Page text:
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Attorney General Keith Ellison addresses reporters at a press conference where Gov. Tim Walz, right, declared a state of emergency for Minnesota to facilitate rapid response to the COVID-19 crisis. (Staff photo: Kevin Featherly)

COVID-19: Walz declares emergency

MARCH 13: Afternoon update

Gov. Tim Walz has declared a peacetime emergency as the state grapples with the COVID-19 pandemic.

The order gives the governor extraordinary powers to take steps such as calling out the National Guard to assist in the response. However, for the time being he is not exercising them.

“A peacetime state of emergency will allow the state of Minnesota to respond more rapidly as issues evolve,” Walz said at a Friday press conference. “I would ask you all to think of this as opening the toolbox. We’re not taking a tool out of it, as of today.”

For now, the state’s response relies on a series of strong recommendations from the Minnesota Health Department, also unveiled Friday.

The guidelines call on event organizers to cancel large gatherings of more than 250 people. Organizers of events with fewer than 250 attendees also should cancel or postpone if it is not possible for people there to keep a safe social distance of six feet apart.

Employers and workers should also make plans to telecommute whenever possible, the guidelines say. And people at risk of severe COVID-19—generally the sick and elderly—are asked to stay home and avoid public gatherings.

The plan does not, however, call on people to stay home all the time, nor does it call for the closure of state-run public buildings like the Capitol or courthouses.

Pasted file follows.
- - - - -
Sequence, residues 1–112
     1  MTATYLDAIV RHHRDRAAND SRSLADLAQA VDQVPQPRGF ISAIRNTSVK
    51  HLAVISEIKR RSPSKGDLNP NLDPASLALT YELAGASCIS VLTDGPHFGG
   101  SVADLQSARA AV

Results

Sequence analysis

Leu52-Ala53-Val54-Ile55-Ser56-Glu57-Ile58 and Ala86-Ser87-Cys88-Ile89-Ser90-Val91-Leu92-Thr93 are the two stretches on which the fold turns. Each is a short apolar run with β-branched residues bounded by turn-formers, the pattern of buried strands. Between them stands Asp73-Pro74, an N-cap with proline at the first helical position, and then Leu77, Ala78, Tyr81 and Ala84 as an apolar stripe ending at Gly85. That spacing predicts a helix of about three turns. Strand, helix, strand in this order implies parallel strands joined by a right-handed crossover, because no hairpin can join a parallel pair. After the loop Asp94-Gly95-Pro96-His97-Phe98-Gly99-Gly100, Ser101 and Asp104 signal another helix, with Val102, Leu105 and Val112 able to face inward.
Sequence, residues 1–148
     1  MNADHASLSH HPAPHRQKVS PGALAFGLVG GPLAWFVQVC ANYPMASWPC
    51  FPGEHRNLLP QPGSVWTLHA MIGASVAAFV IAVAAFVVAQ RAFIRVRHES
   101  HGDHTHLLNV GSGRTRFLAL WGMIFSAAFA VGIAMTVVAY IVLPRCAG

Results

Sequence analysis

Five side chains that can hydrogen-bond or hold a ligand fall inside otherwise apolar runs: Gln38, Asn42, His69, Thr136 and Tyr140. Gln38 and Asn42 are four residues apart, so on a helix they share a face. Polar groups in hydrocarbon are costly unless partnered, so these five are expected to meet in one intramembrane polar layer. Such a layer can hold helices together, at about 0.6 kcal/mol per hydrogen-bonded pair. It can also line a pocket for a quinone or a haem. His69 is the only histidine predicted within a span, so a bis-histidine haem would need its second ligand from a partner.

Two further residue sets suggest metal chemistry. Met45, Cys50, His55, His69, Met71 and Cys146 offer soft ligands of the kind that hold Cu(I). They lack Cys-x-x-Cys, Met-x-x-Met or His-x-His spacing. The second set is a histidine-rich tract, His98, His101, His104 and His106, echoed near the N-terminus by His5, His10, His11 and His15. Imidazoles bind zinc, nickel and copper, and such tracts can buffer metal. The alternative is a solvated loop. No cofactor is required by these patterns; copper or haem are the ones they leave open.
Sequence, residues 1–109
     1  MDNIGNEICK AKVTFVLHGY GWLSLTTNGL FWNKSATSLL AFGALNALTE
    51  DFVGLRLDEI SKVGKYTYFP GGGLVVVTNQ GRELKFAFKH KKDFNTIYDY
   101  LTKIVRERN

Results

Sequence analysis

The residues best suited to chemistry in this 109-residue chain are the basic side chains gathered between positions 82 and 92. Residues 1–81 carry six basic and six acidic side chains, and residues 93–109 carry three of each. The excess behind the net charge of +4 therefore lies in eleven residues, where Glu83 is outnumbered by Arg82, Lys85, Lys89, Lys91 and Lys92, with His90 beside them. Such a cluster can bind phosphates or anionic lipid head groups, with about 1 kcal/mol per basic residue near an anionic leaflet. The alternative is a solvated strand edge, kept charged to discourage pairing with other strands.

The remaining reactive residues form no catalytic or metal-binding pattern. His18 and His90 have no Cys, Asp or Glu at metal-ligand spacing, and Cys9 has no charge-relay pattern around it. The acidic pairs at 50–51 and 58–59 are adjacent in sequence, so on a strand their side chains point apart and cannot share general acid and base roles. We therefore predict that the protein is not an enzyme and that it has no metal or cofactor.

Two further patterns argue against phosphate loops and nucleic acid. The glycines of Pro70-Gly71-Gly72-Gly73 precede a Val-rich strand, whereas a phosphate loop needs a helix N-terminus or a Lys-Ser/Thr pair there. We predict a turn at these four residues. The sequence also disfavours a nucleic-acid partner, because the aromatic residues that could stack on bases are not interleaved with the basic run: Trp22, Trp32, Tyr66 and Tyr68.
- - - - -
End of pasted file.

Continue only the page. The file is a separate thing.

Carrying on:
“Based on the experience of other states and the message we’re getting from our health care community,” Walz said, “we are going into a heightened state of readiness to protect Minnesotans.”

Walz said that he met Thursday with Chief Justice Lorie Gildea and others to discuss maintaining the continuity of government operations. That meeting also included the four legislative caucus leaders and the state’s other constitutional officers—the attorney general, secretary of state and auditor.

Gildea was not present at the Friday press conference. However, Walz said that he came away from his talk with her feeling confident that the courts have a smart strategy for continuing to operate, albeit in a “reduced or changed capacity,” as the health crisis unfolds.

“They are already triaging and prioritizing cases that needed to go first, starting to rearrange their dockets to make sense on that,” Walz said of the courts.

“I can tell you I left the room very confident that the Judicial Branch feels like they have a plan that they could continue on, to take on the most pressing matters,” he said.

Attorney General Keith Ellison added that the courts will continue following constitutional requirements, such as giving criminal defendants speedy trials. But some cases, like civil cases, could be delayed, Ellison said. However, even among those, he said, some cases—civil eviction proceedings, for example—might have to remain priorities.

“The rule of law is a part of the continuity of government,” Ellison said. “And the rule of law is critical in these times.”

Meanwhile, The Associated Press reported that the U.S. District Court for Minnesota suspended all criminal and civil jury trials and grand juries through late April.

MARCH 13: Morning update